Friday, February 4, 2011

Overcoming misconceptions

One of the hardest things about dealing with the ADHD and ODD is people's misconceptions about the disorder.  There are quite a number of people that believe that it doesn't actually exist and it's just something that doctors label children with so parents don't have to discipline their bratty children.  To them I say: come visit my house for a week.  You'll want to go home after a day.

There are others who believe that, while it does exist, those parents that choose to medicate their child are actually doing their child a disservice and are using medications to cover up their failure as a parent.  To them I say: an actual disorder is not a parenting fail, and would you tell the parent of a child with diabetes, epilepsy or asthma to deny their child medication or they'd be a parenting failure as well?  Our children who truly have these disorders often need medication help in order to function in the world - in the classroom, on the playground, at home.  If you don't believe that, come live our lives for a little while; you'll probably change your tune.  And comments from parents of now-grown children who had either of these disorders of "well my kid acted like that and I didn't medicate him.  He'll (meaning Hassaan) be fine" also do. not. help.  In fact, these comments in particular are very destructive when I have a husband who waffles on the medication issue.  You did what you thought best for your child.  I will do what I feel best for my child - and for my child, medication combined with therapy IS the best option for him to be as successful in life as he is capable of being.

Some say "it can't be that - my friend/family member/kid down the street doesn't act like that and he's got that."  Well, no two kids are necessarily affected the same way.  ADHD/ADD is as much a spectrum disorder as Autism is.  My son is affected by not being able to focus unless he is almost obsessed by something, he talks constantly, he is never still, he has a very hard time with social skills.  But then there's me.  In college, while doing learning disabilities testing with the college psychologist, I was diagnosed with mild to moderate ADD.  I zone out, I do talk a lot, but I'm able to sit still and have never had a problem with social skills.  But I also can't always focus for things for very long but instead of bouncing off walls (figuratively, mostly!) I'd just zone out, so that my teachers just figured I wasn't paying attention - all the time.  But I also have so many half finished projects it's not even funny anymore.  I have obsessions that lasted for an amount of time and then I now haven't touched in years.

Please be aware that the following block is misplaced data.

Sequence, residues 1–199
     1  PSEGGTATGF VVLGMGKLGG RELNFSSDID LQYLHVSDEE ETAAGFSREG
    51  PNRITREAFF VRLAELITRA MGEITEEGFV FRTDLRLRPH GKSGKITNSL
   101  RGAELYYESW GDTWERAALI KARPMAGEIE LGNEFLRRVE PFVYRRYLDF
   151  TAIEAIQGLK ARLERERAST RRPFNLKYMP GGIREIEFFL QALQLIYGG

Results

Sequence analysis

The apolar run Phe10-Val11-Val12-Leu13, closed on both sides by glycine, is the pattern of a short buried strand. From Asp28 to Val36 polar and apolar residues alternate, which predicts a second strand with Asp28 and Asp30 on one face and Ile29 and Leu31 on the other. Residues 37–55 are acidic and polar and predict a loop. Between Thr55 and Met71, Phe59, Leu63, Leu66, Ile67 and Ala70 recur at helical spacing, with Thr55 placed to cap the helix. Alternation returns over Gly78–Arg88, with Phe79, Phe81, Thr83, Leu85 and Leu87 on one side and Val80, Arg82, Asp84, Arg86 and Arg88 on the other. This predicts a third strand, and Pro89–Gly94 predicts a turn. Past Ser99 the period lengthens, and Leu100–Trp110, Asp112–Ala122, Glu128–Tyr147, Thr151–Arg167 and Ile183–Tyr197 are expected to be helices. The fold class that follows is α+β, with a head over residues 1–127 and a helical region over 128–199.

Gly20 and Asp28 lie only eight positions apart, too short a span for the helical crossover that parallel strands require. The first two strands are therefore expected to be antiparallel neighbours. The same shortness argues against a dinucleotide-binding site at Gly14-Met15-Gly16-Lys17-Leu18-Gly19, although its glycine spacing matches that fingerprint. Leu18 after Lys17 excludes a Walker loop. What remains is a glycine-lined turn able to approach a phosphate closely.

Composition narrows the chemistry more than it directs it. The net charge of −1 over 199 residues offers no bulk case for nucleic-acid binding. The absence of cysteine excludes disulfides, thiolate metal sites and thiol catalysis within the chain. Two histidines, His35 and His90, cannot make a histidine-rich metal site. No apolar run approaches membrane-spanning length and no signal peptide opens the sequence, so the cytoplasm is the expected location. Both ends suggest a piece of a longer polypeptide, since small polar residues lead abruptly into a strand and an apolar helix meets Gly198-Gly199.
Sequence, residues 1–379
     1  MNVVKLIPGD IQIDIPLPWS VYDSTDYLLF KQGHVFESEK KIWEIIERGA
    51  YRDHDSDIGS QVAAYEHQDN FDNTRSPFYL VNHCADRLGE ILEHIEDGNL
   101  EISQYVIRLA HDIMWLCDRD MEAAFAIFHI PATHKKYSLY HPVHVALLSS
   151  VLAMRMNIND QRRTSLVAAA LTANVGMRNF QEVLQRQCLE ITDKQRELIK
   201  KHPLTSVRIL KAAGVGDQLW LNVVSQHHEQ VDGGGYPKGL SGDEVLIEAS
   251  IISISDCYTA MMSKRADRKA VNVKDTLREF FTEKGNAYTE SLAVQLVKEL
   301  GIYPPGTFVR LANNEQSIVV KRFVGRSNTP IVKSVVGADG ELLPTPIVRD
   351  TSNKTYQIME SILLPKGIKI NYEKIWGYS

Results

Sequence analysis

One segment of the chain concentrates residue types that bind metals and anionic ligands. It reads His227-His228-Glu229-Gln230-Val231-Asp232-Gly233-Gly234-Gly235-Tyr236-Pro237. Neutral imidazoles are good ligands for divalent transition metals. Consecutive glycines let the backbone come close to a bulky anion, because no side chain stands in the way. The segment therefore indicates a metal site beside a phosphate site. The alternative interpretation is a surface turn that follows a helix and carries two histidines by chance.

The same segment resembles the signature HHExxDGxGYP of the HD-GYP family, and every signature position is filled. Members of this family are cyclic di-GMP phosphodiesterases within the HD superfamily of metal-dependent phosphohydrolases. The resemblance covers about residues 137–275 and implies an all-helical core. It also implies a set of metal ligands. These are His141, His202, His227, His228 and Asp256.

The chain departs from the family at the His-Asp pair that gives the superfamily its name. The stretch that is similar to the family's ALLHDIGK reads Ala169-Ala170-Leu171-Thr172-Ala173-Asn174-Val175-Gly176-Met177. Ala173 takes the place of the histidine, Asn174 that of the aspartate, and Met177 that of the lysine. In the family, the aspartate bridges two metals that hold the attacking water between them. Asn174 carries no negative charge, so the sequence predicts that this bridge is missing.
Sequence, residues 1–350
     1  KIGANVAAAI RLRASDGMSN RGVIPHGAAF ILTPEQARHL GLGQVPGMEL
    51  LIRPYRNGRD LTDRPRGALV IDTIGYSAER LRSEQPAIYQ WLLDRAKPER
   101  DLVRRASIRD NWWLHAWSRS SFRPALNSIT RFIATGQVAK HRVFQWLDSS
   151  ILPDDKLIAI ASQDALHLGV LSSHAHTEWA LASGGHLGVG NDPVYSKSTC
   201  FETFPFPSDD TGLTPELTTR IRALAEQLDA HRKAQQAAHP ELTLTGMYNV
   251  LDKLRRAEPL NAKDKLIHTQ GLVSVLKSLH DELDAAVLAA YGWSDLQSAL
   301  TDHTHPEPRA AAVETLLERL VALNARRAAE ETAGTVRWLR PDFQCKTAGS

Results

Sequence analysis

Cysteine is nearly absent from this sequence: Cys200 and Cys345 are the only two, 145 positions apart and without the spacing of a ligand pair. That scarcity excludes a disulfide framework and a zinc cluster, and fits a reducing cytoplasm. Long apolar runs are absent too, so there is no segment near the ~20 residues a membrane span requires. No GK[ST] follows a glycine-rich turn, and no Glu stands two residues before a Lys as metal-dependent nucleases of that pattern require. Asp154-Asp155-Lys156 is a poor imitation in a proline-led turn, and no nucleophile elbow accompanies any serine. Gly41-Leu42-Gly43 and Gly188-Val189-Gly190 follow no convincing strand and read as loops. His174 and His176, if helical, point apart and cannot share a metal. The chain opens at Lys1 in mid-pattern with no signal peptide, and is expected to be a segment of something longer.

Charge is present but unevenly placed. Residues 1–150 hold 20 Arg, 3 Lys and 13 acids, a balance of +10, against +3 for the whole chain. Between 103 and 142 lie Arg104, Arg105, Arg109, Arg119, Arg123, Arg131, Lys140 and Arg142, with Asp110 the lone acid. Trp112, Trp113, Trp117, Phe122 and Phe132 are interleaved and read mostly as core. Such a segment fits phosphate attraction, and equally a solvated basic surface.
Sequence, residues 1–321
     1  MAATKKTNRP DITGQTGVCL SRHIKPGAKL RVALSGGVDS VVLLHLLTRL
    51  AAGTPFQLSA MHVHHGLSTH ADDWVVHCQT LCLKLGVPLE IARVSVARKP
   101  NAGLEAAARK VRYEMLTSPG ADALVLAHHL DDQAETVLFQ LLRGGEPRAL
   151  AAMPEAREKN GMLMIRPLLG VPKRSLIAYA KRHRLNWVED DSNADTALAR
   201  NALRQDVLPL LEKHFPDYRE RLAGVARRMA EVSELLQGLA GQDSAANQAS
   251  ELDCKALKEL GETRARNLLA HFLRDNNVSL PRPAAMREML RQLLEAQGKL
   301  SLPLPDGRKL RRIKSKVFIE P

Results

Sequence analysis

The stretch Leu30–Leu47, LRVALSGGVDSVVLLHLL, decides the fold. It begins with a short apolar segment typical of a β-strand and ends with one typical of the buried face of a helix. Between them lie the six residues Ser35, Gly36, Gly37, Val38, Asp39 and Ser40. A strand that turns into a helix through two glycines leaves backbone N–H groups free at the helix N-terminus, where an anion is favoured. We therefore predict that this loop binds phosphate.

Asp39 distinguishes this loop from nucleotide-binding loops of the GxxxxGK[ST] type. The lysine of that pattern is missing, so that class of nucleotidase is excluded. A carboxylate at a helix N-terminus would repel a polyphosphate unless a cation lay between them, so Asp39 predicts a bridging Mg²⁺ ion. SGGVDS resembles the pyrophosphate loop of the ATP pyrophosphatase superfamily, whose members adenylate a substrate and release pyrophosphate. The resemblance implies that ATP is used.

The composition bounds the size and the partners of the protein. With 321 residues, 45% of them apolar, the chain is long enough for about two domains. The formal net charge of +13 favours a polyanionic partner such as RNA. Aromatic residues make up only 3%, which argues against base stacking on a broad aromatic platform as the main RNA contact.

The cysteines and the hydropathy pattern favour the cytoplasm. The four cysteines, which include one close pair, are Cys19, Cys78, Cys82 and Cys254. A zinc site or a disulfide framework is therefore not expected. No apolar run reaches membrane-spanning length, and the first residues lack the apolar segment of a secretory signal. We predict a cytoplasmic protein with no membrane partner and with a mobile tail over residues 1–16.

Attention Deficit Hyperactivity Disorder and Attention Deficit Disorder are something that are very, very real. For those of us dealing with it on a daily basis, the hardest part is sometimes the looks (and COMMENTS) that we get when our child has a meltdown in public.  With Hassaan, I know that if I were to leave a store every time he had a meltdown, there would be days or weeks where I'd never get anything accomplished.  In the grocery store I have to put him in the cart still - he himself knows that he does better in the cart - he's not constantly touching things, running away, and I'm not constantly saying "Hassaan, don't do that!"  I have had to take him through the grocery store with him screaming.  Not screaming words, just screaming.  And I don't always know what sets him off.  But a complete strangers making comments about "controlling my child" or "I would have never let my child at that way" or "oh just give him what he wants" are NOT helpful.  (I often wish I could be or could have been around when these people's children threw a public temper tantrum to make these comments back at them - I highly doubt it would be appreciated, but they see no problem in saying them to other people.)  I'd also really wish these people could remember that, guess what - our children have ears too.  And usually their ears work just as well as mine or yours, and they hear these comments.  Our ADHD kids often have problems with self esteem - these comments aren't helpful to this either.

Anyway, that's my Public Service Announcement for today.  I'll probably have more to add to it at some point, but for today, that's just what's on my mind!

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